Traducción de ruffian en español:

ruffian

rufián, n.

Pronunciación: /ˈrəfiən//ˈrʌfɪən/

nombre

  • 1

    rufián masculino
    villano masculino
    • On New Year's Day 1753 an eighteen-year-old London maidservant called Elizabeth Canning was abducted in the City by two ruffians.
    • Well, so long as he could hide his emotions when they crossed paths with the thieves - bullies and ruffians were always drawn to the fearful.
    • Obviously, it was a case of collusion between the state and the lawbreaking ruffians.
    • Vidocq served a lucrative apprenticeship with various ruffians, vagabonds and swindlers.
    • Within a few hours even the toughest of the tough ruffians would break down and start confessing.
    • In early twentieth-century Chicago, where guns were readily available, local ruffians were less inclined to announce that they would abide no disrespect or take on all corners.
    • Even the tsotsis, the unkempt street ruffians of the 1930s, began to embrace the quest for style in the 1950s.
    • As the proportion of homicides committed with firearms surged, even the swaggering ruffians of local bars may have thought twice before challenging any and all onlookers.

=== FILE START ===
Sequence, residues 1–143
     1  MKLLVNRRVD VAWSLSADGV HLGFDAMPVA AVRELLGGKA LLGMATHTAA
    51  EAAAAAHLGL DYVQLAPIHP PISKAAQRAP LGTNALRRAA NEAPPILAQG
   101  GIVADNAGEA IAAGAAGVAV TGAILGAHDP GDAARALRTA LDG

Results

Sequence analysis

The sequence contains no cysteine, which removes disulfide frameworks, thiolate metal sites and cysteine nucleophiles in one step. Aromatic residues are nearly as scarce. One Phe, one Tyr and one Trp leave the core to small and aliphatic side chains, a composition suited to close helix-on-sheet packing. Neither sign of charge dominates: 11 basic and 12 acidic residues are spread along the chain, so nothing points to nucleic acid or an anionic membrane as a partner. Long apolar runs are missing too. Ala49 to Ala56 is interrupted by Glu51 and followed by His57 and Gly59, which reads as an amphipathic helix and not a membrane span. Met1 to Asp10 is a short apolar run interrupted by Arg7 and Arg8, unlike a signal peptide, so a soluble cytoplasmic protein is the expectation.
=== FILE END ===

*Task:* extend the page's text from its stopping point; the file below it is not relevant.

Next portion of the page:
• Good heavens, you could have been killed going into a den of ruffians like that.
    • A few days earlier a ruffian had snatched a woman's chain.
    • But Morgan makes enemies right away when he foils a mugging by a gang of local ruffians.
    • And he had traveled many places, heard rumors of all sorts, and been threatened by ruffians and rogues who would have stolen from him or killed him; he had felt fear then.
    • Albert is a regular at this place, bringing along his gang of ruffians and louts to watch him eat sloppily and hurl insults at everyone that walks by.
    • This first feature filmed in Irish follows the tale of an aging producer of poitin (the Irish equivalent of moonshine) and the two young ruffians who rob him.
    • He too, the boy thinks, has known hard times: the bully on the next block, the ruffians in his third grade class.
    • These were not wild-eyed, rabble-rousing ruffians.
    • He was, in fact, a leader of a gang of Essex ruffians, whose speciality was robbery with violence.
    • The tactics of the violent ruffians failed in this year's election.
    • No cooked food could be sold, and shops were not to shelter ruffians, thieves, or prostitutes.
    • They used to say soccer is a gentleman's game played by ruffians and rugby is a ruffian's game played by gentlemen.